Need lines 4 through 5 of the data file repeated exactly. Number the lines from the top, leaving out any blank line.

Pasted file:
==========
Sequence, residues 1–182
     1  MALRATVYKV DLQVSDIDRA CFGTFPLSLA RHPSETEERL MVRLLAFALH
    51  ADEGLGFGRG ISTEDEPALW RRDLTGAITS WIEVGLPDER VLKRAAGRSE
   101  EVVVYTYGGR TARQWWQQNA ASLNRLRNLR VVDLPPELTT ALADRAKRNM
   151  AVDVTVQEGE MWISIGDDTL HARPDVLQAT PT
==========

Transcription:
   101  EVVVYTYGGR TARQWWQQNA ASLNRLRNLR VVDLPPELTT ALADRAKRNM
   151  AVDVTVQEGE MWISIGDDTL HARPDVLQAT PT